“I will be re-doing the landscaping,” he said. “I want to be a good neighbor and reinvest in the property, and improve the appearance of the whole area,” he said.

A real screen gem

  • Written by Jeff Vorva


It was raining like a scene from “Key Largo.’’

The Blackhawks were down 2-1 and playing Game 4 of the Stanley Cup Final.

And yet more than a dozen people – including a couple of big-time Blackhawk fans, spent their June 10 evening watching a couple of old-time comedies. The Marx Brothers’ “Horse Feathers” and
“Duck Soup” were presented at the Oak View Center in Oak Lawn.

CineVerse celebrated its 10th anniversary in early June and the Oak View Center has hosted screenings and discussions about various films on Wednesdays for a decade. Running the show is movie buff Erik J. Martin, who shows the films and then asks the group for input on them.

Almost all of the films are either old or obscure. Black and white, silent and foreign films make up a bulk of the movies shown and discussed.

Martin insists this isn’t some snooty highbrow group, but anyone coming to a meeting hoping for a showing of the super hero movie of the month or sci-fi movies where computer-generated robots destroy each other will probably be disappointed.

“I’m not saying were the cultural conciseness of Oak Lawn,’’ Martin said. “But to the group’s credit, we cater to the tastes of the members. A lot of people show up because they want to be exposed to something they wouldn’t ordinarily rent or watch on TV on their own.’’

Martin is a guy who loves moves and is fascinated enough by them to research them.

“I don’t pride myself on being a know-it-all on this stuff,’’ he said. “I think the majority would agree that one of the great pleasures of CineVerse is discovering stuff that you would have never seen on your own. And it’s important to hear other viewpoints. It’s great to hear what people like and don’t like about a movie. It’s a communal, social experience.

“The crux of it, to me, is that you watch movies all the time, but how often do you really talk about them? That’s what keeps everybody coming back.’’

Hometown’s Brian Hansen and Tom Nesis kicked off the discussion on the Marx Brothers double feature.

While casual film viewers notice the obvious slapstick gags, from Groucho, Chico, Harpo and Zeppo, people like Hansen and Nesis observed some of the more subtle humor, double entendres and its satire on world events during the 1930s era in which the movies were made.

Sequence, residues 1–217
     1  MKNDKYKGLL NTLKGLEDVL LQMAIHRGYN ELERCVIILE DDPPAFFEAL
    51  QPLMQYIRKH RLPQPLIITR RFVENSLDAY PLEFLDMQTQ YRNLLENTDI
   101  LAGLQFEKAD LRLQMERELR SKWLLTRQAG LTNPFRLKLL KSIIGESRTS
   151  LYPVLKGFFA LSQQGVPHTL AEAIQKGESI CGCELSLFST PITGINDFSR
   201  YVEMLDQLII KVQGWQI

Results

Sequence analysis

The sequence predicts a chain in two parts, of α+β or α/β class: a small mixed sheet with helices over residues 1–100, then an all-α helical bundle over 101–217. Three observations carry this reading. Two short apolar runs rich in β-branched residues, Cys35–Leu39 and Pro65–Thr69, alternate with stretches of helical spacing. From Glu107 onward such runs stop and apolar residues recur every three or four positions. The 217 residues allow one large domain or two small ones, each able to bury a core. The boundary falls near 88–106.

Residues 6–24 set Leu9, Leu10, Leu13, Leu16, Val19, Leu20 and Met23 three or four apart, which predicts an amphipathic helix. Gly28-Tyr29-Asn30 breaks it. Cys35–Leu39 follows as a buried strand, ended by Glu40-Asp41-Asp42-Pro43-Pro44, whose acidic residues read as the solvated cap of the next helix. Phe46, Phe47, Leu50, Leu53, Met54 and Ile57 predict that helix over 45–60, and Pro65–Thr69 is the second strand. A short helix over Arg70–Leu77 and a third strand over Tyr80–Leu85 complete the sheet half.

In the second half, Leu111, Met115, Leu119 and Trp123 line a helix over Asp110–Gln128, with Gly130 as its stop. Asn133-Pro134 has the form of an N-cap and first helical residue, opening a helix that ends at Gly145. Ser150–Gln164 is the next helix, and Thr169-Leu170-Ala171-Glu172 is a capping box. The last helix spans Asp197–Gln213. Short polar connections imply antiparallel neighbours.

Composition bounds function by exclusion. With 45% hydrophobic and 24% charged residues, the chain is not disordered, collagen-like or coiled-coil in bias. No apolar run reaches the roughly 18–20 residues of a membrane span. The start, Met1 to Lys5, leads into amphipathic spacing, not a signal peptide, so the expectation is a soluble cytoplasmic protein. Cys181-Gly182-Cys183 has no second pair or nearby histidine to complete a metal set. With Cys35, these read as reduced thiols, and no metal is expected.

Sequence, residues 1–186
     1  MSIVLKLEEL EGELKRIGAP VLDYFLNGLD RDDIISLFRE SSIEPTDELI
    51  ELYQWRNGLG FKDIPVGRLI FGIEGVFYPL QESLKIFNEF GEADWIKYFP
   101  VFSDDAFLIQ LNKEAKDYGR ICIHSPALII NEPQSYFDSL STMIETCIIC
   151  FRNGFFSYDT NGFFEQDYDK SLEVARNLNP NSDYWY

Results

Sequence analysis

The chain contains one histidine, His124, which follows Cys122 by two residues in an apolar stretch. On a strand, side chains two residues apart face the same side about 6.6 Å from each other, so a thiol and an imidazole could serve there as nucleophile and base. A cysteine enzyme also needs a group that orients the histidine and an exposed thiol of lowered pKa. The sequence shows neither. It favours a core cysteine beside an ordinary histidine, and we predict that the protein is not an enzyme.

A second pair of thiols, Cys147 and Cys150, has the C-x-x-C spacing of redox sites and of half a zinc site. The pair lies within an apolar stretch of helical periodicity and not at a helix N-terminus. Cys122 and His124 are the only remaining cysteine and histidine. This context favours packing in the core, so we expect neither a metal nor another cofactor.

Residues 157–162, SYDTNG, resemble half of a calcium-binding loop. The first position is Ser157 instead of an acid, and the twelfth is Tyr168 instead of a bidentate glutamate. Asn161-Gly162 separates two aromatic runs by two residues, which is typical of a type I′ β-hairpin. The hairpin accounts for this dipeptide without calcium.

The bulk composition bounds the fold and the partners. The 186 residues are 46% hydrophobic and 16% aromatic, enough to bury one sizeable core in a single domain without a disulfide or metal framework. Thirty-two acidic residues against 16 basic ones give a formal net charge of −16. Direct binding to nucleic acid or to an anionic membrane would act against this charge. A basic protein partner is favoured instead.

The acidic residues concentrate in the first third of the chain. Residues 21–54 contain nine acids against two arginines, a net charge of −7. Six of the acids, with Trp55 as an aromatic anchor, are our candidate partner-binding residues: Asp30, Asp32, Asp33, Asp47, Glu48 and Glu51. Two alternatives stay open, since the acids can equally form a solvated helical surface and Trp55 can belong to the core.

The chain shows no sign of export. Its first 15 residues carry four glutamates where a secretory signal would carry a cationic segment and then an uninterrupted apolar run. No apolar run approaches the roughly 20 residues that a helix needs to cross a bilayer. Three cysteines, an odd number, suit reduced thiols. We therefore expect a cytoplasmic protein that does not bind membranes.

Martin likes to bring facts about the movie to the table. He examined the Marx Brothers movies of the early 1930s with some of their later works for MGM, in which more music and love-interest storylines were featured.

“This isn’t trivia,” he said. “I try to find out what is contextually interesting. Historically interesting. What’s relevant? What still resonates today? What were the themes? Were there any symbols or repeated patterns? What was the director going for? Why does this movie still hold up today? Or does it not hold up? Those important kinds of questions that I ask.’’

Ten years ago, the group started by watching the Orson Wells’ classic “Citizen Kane.’’ It’s been shown three times in 10 years. Martin remembers spirited debate over D.W. Griffith’s 1915 silent movie “Birth of a Nation,’’ which features the founding of the Ku Klux Klan.

Coming up in July and August include “Casablanca,” “Cool Hand Luke,” and “The Shawshank Redemption.’’

Martin did have an off-night, in which he snuck in some classically bad films.

 “It fell on April 1 and I told them a week before to show up because I had a special surprise planned,” he said. “I told them they would be watching clips from some of the greatest movies of all time. I told them I put a special package together and we will talk about these.

“We got a pretty good turnout. We hit the lights. I hit ‘play’ and suddenly we started watching ‘Mystery Science Theater 3000’ skewering ‘Manos the Hands of Fate,’ which is a real bad drive-in horror movie, and ‘Santa Claus Conquers the Martians.’ We tried to get those both in and we just couldn’t take it anymore. We had to turn it off. It was that bad.’’

Films are shown at 7 p.m. at the Oak View Center, 4625 S. 110th St. in Oak Lawn.